- SenseTime, the Chinese A.I. start-up, raised $620 million not even two months after closing a $600 million round.
- Daimler led a $175 funding round for Taxify, a rival to Uber and Lyft that is operating a ride-hailing service in Europe and Africa.
- CTRL-labs raised $28 million for wearable tech that would allow people to mentally control computers or other devices.
Here's a round-up of the most important deals in venture capital from the past week.
Chinese artificial intelligence company SenseTime said Thursday that it raised $620 million in fresh funds from prominent investors including Fidelity International, Hopu Capital, Silver Lake and Tiger Global. Chipmaker Qualcomm's venture capital arm also participated in the round. SenseTime just raised a $600 million in a round in April. The new funds will be used by the rapidly growing image recognition company for research and development and to hire more talent, according to the company. SenseTime said it is now valued at over $4.5 billion.
Alibaba and Tencent, China's biggest tech companies, have both invested in a $300 million, series D round of funding in a shopping app called Xiaohongshu, which means "Little Red Book" in English. The company is valued around $3 billion. Alibaba led the investment joined by Tencent, GSR Ventures, GGV Capital, Zhen Fund and several others. It is rare for Alibaba and Tencent to invest into the same venture, notes China Money Network.
A ride-hailing company called Taxify raised $175 million and notched a $1 billion valuation, the company revealed on Wednesday. Daimler led the investment joined by Didi Chuxing, French venture investors Korelya Capital and others. Taxify operates throughout Europe and Africa, and boasts 10 million customers across in 25 countries. The company entered London, a key battleground for Uber, last year.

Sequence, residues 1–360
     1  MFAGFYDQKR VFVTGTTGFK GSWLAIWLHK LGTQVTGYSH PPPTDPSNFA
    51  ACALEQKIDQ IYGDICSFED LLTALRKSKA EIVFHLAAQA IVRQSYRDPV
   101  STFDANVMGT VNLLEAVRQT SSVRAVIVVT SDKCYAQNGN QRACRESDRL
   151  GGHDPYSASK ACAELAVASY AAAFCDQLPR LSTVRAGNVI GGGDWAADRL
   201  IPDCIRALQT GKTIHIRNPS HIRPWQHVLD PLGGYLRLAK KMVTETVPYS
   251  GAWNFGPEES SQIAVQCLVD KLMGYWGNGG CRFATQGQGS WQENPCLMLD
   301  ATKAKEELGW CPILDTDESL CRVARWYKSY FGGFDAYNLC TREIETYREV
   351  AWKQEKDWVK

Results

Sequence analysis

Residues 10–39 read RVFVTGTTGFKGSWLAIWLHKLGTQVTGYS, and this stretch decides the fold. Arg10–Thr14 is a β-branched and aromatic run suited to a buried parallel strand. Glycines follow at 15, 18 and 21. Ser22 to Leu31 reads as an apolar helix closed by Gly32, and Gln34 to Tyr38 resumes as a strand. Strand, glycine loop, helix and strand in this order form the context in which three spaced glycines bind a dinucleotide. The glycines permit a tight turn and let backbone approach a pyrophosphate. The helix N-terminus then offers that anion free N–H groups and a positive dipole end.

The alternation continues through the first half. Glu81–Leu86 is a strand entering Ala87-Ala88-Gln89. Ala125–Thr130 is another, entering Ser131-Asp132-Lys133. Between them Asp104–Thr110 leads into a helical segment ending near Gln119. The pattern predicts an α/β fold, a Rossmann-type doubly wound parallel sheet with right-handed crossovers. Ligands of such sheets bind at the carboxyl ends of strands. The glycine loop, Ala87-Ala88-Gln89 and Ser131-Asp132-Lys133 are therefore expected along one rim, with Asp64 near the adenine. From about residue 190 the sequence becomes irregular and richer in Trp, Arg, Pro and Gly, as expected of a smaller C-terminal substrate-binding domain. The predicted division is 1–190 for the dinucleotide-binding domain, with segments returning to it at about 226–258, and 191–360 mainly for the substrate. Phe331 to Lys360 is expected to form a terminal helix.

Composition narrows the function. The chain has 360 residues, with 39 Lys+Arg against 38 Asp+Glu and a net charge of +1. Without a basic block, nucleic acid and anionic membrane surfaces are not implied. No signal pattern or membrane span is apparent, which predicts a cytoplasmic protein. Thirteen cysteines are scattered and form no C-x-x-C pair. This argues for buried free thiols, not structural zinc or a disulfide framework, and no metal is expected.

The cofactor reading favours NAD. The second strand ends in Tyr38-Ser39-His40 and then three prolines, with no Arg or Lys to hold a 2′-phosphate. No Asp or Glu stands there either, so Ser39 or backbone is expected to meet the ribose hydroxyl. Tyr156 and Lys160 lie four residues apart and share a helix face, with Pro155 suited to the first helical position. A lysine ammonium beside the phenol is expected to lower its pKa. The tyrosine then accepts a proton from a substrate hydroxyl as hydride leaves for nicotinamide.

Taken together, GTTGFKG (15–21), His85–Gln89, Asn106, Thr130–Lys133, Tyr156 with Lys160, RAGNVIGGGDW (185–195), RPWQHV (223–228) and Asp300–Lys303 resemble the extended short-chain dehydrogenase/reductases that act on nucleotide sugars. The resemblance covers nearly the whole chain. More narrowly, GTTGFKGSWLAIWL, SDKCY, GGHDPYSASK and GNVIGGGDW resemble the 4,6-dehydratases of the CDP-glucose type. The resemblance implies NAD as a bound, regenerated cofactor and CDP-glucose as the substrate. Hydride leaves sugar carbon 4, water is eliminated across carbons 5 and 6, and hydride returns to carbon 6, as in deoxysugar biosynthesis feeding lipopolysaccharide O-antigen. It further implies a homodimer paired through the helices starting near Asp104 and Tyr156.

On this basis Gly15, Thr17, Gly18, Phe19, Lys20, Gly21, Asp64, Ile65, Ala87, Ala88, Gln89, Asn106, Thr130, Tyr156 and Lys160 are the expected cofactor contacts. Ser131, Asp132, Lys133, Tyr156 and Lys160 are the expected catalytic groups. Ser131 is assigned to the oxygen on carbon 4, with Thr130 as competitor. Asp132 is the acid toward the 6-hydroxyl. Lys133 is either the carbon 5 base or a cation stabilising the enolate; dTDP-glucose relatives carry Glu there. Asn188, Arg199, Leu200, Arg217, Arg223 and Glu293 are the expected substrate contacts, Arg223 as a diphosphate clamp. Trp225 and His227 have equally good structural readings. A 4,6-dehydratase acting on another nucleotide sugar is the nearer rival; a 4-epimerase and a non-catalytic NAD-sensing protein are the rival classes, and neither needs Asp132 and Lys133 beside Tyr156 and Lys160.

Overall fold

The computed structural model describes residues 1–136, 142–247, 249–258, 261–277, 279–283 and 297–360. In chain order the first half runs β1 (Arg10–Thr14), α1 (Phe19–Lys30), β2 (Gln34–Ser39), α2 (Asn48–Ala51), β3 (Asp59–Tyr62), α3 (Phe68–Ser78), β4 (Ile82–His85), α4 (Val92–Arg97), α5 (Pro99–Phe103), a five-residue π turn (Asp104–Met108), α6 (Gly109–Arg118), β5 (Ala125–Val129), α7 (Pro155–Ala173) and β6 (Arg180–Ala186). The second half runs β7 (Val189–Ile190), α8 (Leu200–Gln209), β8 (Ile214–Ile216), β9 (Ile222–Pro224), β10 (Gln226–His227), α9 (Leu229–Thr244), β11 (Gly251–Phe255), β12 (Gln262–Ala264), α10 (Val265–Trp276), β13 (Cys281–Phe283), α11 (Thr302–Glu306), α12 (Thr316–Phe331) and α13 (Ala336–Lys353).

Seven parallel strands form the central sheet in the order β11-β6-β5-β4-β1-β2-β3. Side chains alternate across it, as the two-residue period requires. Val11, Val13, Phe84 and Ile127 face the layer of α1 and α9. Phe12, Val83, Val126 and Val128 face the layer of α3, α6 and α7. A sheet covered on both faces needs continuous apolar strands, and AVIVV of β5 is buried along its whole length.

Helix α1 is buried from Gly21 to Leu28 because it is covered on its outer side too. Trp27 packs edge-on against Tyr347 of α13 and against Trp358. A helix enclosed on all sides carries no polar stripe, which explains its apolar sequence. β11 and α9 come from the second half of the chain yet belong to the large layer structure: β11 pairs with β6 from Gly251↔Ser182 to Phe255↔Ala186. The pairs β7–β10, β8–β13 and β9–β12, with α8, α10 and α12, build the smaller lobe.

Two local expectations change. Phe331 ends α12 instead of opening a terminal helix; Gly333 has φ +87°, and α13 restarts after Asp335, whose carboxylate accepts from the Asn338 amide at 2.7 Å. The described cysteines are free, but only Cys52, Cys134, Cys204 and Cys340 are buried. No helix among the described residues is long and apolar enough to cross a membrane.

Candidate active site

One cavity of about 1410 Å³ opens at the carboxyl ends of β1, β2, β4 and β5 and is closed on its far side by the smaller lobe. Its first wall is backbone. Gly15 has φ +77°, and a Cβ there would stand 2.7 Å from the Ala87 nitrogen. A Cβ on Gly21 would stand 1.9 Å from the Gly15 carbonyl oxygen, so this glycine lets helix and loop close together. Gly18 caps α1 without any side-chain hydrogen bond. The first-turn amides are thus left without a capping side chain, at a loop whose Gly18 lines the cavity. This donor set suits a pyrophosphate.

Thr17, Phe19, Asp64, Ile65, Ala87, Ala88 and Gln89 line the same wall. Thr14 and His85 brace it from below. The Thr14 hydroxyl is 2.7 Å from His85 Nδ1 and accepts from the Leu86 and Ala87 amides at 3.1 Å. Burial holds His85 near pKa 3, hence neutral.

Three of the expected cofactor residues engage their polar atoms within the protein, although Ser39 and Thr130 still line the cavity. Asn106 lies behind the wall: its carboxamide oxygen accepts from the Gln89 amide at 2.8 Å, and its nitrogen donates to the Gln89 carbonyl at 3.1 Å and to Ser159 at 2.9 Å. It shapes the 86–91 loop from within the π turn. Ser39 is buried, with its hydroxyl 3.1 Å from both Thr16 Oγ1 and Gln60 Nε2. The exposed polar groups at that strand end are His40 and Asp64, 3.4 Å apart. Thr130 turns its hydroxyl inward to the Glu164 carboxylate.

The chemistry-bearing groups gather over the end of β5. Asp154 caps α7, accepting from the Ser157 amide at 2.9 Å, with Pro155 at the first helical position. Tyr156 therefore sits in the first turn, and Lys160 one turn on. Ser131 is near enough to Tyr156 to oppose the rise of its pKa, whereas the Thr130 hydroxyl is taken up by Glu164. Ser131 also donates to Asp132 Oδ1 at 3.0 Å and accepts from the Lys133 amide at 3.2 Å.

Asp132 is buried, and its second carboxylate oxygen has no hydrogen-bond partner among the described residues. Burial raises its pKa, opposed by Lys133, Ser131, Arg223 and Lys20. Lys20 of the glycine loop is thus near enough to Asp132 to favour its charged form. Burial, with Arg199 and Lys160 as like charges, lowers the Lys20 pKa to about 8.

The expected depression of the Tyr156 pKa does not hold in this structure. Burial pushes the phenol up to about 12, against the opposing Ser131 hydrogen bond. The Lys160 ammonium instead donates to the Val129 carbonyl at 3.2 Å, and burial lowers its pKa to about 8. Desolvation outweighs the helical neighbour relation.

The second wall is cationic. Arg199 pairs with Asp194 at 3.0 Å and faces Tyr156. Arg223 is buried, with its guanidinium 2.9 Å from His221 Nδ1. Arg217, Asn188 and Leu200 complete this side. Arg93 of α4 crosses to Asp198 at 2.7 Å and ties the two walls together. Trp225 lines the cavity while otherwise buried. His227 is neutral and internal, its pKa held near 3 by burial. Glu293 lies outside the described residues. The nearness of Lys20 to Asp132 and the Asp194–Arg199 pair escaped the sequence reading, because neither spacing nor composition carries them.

Alphabet venture arm GV led a $95 million investment in PACT Pharma, joined by Canaan Partners. The start-up is developing cancer treatments that work by reprogramming a patient's immune system cells to combat the disease.
A mobile banking app called Chime raised $70 million in a series C round led by Menlo Ventures and joined by Forerunner Ventures, Omidyar Network and other earlier investors. Chime offers accounts with none of the typical fees charged by retail banks such as monthly usage, minimum balance, overdraft, ATM and international transaction fees. TechCrunch reports that the series C deal brings Chime's valuation to around $500 million.
Virtru, which provides e-mail and file data security to businesses and government offices, raised a $37.5 million in a series B round led by ICONIQ Capital. Earlier backers Bessemer Venture Partners, New Enterprise Associates, Samsung, Blue Delta Capital, and Soros Capital also participated.
Smart thermostat maker Ecobee raised $36 million from Caisse de dépôt et placement du Québec, AGL Energy and BDC. The Ecobee 4, its latest smart thermostat, has built-in Alexa, which allows users to just tell the device how to adjust the temperature in their homes, without searching for a remote or tweaking controls.
Ava, a Swiss start-up that makes an ovulation tracking bracelet, raised $30 million in a series B round from European venture firms btov and SVC, and other investors. Ava is conducting clinical trials with the University Hospital of Zurich.
CTRL-labs, a start-up developing "neural interface technology" raised $28 million in an investment led by Lux Capital and Alphabet's GV (formerly Google Ventures), and joined by a who's who of tech firms: Paul Allen's Vulcan Capital, Peter Thiel's Founders Fund, the Amazon Alexa Fund and others. Founded by Microsoft Internet Explorer Thomas Reardon, CTRL-labs is developing a wearable that may one day empower users to control computers, prosthetics and other devices with their minds.
Collaborative Fund, a New York-based venture firm, has closed its fourth fund at $100 million. The firm was an early backer of Kickstarter, Lyft, Blue Bottle Coffee and apparel makers Outdoor Voices. Collaborative Fund is also an investment partner to Sesame Workshop, and they co-invest in start-ups that focus on "helping kids grow smarter, stronger, and kinder," via Collab+Sesame.